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“Materiële autobiografieën en topografieën van het zelf: nieuwe trends in de culturele analyse van de subjectiviteit” is de titel van een workshop dat onder leiding van Christian Moser heeft plaatsgevonden.

Autobiographie und Raum

Martina Wagner-Egelhaaf (Münster):
Topographien der Autobiographie

Stefan Berghaus (Münster):
Goethes Dichtung und Wahrheit in topographischer Perspektive (DuW, Buch 5)

Christian Moser (Amsterdam):
Raum als Element der Selbstkonstitution in Goethes Dichtung und Wahrheit (DuW, Buch 1 und 4)

Carla Dauven-van Knippenberg (Amsterdam):
Topografie der Verzweiflung. Michael Köhlmeiers Idylle mit ertrinkendem Hund

Konstituentien des autobiographischen Textes

Regine Strätling (Berlin):
Autobiographische Spielregeln

Yvonne Delhey (Nimwegen):
Self-fashioning Identity: Der Autor als Text


Material Autobiographies and Topographies of the Self: New Trends in the Cultural Analysis of Subjectivity

(proposed by Prof. Dr. Christian Moser, Chair Professor of German Literature, Universiteit van Amsterdam)

The workshop is designed to bring together two recent trends in the analysis of culture. On the one hand, it examines the relevance of material culture to the ‚technology of the self' (Michel Foucault) in modern Western societies. How does our relation to the objects we buy, consume, collect or discard impinge on our personal identities? Is there such a thing as a ‚material autobiography', a representation of the self constructed by means of the things that we possess? On the other hand, the workshop investigates the consequences of the ‚spatial turn' in cultural theory for the study of subjectivity. Is it possible to describe the constitution of the self in spatial terms? How does the ‚cultural production of space' (Henri Lefebvre) relate to practices of representing and constructing the self?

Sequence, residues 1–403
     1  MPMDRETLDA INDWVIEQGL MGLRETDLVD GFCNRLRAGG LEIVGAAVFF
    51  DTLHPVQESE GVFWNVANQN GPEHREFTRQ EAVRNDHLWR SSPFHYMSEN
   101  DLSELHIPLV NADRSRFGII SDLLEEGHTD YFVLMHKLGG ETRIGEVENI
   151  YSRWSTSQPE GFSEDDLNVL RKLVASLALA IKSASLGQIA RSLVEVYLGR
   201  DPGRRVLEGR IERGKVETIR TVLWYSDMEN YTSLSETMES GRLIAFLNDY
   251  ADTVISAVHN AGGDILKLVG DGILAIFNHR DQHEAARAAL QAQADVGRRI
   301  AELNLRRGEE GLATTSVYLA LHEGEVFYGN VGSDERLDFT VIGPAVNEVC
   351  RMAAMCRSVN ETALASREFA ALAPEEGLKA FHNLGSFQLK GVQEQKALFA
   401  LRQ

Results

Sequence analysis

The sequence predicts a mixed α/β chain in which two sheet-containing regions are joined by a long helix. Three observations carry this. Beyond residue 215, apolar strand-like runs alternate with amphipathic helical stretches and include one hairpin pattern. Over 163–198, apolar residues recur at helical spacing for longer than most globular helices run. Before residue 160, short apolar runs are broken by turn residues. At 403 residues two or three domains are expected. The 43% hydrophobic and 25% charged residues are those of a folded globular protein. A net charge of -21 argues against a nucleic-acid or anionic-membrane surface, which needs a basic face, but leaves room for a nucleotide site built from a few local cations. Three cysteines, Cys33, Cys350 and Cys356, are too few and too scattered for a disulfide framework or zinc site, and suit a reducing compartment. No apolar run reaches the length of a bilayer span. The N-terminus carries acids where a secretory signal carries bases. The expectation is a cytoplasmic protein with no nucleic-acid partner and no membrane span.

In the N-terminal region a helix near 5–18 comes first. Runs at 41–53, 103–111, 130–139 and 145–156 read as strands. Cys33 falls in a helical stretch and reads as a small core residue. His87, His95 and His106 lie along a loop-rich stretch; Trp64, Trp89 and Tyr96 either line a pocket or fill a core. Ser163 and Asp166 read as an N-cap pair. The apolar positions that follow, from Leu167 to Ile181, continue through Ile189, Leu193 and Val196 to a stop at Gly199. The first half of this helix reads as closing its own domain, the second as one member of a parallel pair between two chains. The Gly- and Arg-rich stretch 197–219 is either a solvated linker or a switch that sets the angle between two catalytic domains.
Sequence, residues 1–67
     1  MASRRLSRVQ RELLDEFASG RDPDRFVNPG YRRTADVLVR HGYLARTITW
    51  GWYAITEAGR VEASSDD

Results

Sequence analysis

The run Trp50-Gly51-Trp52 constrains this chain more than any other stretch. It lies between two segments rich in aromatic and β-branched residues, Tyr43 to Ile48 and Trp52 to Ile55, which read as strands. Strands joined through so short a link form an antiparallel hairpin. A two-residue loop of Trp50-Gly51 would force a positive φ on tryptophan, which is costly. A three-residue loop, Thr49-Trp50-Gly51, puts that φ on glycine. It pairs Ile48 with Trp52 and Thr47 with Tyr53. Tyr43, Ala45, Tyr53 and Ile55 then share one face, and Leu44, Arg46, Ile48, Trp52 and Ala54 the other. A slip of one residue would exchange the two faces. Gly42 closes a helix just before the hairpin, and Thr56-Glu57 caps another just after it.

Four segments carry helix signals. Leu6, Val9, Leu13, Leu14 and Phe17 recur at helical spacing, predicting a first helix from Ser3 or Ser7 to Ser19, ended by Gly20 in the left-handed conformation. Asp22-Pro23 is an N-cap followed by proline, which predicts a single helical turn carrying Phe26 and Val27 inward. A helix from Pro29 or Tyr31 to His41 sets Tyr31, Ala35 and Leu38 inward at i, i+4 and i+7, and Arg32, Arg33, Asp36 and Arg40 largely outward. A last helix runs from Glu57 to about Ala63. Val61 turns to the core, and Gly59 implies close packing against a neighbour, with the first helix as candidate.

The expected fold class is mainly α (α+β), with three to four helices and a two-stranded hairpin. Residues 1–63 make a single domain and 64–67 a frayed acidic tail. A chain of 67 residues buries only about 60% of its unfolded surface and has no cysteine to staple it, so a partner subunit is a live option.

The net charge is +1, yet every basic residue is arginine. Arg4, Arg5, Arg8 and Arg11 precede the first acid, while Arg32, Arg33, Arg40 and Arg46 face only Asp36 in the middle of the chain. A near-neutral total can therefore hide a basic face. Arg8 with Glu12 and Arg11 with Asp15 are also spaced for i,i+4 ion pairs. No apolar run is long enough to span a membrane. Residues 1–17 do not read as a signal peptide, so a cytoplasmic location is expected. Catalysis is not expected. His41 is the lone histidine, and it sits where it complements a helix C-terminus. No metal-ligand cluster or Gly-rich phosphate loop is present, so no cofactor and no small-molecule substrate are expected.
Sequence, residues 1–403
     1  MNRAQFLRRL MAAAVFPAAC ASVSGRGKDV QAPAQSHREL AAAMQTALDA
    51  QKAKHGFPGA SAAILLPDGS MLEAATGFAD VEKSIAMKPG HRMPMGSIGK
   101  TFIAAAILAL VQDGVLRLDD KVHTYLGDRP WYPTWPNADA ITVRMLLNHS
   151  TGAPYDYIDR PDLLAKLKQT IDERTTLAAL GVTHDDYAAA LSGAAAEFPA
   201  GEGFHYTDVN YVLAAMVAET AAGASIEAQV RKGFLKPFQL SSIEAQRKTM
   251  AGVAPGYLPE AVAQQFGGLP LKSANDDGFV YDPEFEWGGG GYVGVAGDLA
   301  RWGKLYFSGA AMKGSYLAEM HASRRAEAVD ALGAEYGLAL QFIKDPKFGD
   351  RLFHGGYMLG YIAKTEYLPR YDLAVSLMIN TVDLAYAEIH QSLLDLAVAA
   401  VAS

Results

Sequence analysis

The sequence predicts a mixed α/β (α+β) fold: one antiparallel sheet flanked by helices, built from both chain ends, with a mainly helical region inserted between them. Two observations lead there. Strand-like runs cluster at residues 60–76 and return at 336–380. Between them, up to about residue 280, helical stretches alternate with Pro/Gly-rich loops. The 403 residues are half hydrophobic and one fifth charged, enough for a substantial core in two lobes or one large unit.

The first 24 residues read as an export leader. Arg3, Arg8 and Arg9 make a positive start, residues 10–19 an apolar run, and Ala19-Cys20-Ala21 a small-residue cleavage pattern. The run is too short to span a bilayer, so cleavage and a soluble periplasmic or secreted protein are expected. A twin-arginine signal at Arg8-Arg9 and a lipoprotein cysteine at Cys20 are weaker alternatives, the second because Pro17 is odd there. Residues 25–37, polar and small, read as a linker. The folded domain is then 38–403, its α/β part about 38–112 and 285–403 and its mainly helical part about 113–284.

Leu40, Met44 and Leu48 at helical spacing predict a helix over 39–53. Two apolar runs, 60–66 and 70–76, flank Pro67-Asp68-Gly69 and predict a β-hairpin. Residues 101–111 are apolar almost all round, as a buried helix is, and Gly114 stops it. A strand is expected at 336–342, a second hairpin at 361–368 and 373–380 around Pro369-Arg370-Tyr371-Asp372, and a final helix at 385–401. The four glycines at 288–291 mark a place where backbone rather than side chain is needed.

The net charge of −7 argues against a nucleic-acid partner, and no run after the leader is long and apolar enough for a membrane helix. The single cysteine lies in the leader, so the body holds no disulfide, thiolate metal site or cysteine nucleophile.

The aim of the workshop is, firstly, to explore the potential that these two trends possess for the study of autobiography. Secondly, it turns its attention to the points where these trends intersect. Domestic space, for instance, marks a sphere that harbours the individual's cherished possessions - an intimate space filled with things that define its self. The museum - to refer to a different example - is a spatial arrangement of objects that allows the individual to gain a sense of its personal and cultural identity. Thus, there is a strong connection between the material dimension of autobiography and the topography of the self.

The workshop will bring together researchers who have distinguished themselves in the field of autobiography studies, but who are also experts in (at least) one of the two recent trends mentioned above.

The workshop will take place on Thursday, 25th June, from noon until evening, and on Friday, 26th June, until noon. Speakers will present papers of twenty minutes duration, so there will be ample time for discussion.